The priest had spent many years overseas doing parish work, and the columnist remembers meeting him on a number of occasions on his return to the monastery. His disposition, the columnist said, was welcoming, disarming, enthusiastic and unpretentious.
That evening after the meal, while drinking tea and talking with his Korean colleagues, he decided to go to his room; he returned with a guitar and a book of popular songs from the 70-80s. He suggested a sing-along. There was a period of awkward silence; the columnist thought it odd: 5 elderly religious being asked to sing...?
The priest, however, opened the book and from the beginning started to sing. If the song was known he would begin playing, if not, he would skip it. His mastery of the guitar also was not very good. He paid no attention to his playing and went through the book page by page. The group would join in the singing, some looking at the ceiling, one looking out the window, and one with eyes closed--but all were singing.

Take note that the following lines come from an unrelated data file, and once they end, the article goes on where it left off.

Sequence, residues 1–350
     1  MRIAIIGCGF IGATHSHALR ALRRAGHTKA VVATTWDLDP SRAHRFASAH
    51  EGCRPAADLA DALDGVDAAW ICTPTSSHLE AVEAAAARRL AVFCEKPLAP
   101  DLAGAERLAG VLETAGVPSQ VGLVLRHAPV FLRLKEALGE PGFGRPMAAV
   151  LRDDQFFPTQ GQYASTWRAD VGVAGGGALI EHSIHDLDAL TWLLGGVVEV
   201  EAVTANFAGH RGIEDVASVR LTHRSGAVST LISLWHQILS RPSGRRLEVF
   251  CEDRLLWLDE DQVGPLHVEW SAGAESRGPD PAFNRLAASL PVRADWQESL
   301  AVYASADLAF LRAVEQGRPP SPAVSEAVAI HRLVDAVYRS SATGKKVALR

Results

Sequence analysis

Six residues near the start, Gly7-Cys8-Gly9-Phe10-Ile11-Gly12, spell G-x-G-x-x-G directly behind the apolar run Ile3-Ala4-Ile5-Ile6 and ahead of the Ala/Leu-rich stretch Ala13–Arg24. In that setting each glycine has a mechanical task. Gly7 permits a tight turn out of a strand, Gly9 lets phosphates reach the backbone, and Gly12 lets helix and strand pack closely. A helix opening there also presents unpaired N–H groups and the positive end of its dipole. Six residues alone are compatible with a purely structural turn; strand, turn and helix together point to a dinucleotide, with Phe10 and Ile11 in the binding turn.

Some of the songs were greeted with applause, If a song brought back some memory, this would be mentioned. They all sang with enthusiasm. There were no comments on the singing. If they knew the song, they would sing. If not, they would listen. At the end of the singing, the priest said to his colleagues:
"Living here in the monastery, there were difficult times. Battling cancer and living overseas have created difficulties in my life, but on those occasions, I would take out the guitar and sing. It was after the singing that I would find peace."
That evening the columnist considered the group as being similar to a picture that is moved from one location to another. A picture of sadness being removed by song. That night, before sleep, he was thankful that he was part of that picture.